Senator Sherrod Brown (D-OH) ended up giving an odd indirect answer when he attempted to dodge a question posed to him about if he would drink the tap water in East Palestine, Ohio.
While making a statement during an appearance on CNN’S “State of the Union” for this past Sundays episode, Brown stated that he deferred to local officials when questioned about whether or not he would partake of the water which has been contaminated by the chemicals from the Norfolk Southern train derailment on February 3. Brown then went on to try and blame the derailment on the actual rail company, making the claim that it recently laid off a number of key workers and carried out stock buybacks instead of putting more money into safety.
“[W]ould you drink the water in East Palestine?” questioned guest host Pamela Brown. “And do you think the officials there who are saying it’s safe, they should drink the water too to show the residents that they would drink it?”
“Well, I think they are,” fired back the Senator. “I mean, I talked to the mayor. The mayor said definitively, emphatically, that people can drink the water. I don’t know. I don’t think the mayor has small kids. He looks a little older to me. I didn’t ask him about bathing his kids. But he has said he would drink this water.”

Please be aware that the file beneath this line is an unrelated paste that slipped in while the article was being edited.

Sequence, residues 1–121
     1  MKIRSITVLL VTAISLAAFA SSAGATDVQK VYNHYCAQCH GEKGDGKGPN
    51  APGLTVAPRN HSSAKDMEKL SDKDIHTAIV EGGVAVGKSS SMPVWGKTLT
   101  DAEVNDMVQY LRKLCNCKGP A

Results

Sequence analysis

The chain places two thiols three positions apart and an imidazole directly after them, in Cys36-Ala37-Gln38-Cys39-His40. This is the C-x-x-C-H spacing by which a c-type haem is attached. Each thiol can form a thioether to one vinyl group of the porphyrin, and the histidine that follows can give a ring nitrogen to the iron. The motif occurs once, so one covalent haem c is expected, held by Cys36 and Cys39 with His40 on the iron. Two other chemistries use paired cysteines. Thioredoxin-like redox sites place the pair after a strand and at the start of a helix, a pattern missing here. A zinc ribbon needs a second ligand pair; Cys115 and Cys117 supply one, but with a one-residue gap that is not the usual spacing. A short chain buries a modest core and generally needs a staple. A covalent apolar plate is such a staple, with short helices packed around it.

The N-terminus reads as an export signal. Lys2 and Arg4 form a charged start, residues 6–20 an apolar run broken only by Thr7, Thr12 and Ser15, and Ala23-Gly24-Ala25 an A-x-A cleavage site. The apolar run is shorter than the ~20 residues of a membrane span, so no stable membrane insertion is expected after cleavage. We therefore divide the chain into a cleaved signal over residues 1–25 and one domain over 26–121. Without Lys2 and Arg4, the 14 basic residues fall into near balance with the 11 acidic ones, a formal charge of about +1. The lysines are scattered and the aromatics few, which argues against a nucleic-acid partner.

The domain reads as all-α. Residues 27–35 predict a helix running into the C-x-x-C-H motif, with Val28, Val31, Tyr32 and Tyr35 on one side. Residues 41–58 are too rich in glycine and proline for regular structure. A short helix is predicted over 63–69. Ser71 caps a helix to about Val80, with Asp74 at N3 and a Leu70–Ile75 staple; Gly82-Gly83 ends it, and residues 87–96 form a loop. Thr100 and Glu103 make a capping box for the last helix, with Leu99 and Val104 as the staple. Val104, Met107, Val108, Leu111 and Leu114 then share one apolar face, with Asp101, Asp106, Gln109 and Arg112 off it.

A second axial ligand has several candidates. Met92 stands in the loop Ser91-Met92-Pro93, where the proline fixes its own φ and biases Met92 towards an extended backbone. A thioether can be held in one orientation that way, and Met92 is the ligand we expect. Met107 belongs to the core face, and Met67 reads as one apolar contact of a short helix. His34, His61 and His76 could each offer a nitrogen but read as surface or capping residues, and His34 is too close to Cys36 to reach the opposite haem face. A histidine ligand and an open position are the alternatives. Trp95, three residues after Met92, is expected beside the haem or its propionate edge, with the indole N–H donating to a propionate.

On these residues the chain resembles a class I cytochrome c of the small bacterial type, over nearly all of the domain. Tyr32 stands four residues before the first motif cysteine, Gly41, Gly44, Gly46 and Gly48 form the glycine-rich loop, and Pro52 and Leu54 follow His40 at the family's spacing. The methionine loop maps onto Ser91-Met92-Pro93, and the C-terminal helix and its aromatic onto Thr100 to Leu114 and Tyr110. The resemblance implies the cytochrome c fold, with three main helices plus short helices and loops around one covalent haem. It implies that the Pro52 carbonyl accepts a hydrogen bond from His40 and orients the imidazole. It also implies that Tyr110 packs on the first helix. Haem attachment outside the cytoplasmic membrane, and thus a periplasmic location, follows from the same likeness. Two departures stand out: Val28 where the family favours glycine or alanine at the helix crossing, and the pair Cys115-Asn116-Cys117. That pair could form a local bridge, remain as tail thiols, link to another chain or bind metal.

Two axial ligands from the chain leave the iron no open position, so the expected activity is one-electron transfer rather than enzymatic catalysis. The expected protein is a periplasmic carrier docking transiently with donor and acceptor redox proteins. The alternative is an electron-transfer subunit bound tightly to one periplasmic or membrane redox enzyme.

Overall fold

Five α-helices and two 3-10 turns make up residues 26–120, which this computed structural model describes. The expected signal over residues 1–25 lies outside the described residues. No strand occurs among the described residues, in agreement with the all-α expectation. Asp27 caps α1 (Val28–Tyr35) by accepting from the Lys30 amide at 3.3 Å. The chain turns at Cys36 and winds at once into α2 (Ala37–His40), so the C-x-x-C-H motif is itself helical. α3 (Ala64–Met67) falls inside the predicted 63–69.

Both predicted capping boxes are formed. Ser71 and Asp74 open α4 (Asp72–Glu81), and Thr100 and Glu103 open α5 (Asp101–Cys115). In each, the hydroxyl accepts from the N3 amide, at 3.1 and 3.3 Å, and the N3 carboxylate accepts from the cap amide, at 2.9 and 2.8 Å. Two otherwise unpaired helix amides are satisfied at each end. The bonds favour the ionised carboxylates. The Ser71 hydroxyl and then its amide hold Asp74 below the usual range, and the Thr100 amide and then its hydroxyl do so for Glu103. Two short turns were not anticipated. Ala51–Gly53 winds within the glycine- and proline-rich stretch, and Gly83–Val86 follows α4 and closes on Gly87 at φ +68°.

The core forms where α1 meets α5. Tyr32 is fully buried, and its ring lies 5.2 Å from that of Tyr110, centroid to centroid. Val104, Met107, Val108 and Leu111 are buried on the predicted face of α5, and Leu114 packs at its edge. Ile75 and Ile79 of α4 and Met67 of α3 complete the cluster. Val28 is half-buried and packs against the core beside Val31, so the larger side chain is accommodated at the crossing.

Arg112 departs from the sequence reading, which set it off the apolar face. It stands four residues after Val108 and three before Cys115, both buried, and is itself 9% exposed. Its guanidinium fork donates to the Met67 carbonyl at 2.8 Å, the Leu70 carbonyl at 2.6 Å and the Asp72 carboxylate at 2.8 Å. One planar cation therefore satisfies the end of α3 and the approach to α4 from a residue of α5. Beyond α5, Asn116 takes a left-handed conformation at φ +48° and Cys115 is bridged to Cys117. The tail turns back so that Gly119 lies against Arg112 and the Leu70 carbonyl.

Brown then went on to claim that this derailment incident was caused directly by corporate greed coming from Norfolk Southern. “Pamela, this is really the same old story. Corporations do stock buybacks, they do big dividend checks, they lay off workers. Thousands of workers have been laid off from Norfolk Southern. Then they don’t invest in safety rules and safety regulations, and this kind of thing happens. That’s why people in East Palestine are so upset.”
“These things are happening because the railroads are simply not investing the way they showed in car safety and in the rail lines themselves,” he stated.
J.D. Vance (R-OH), on the other hand, has not chosen to defer to area officials when it comes to the topic of water safety. In the wake of the EPA stating this past Wednesday that the water within the municipal wells expressed no signs which would cause concern over the quality, Vance called them out to actually drink the water they were claiming was not an issue.
“I think that if the EPA administrator wants to stand here and tell people that the tap water is safe, by all means, they should be willing to drink it,” he explained.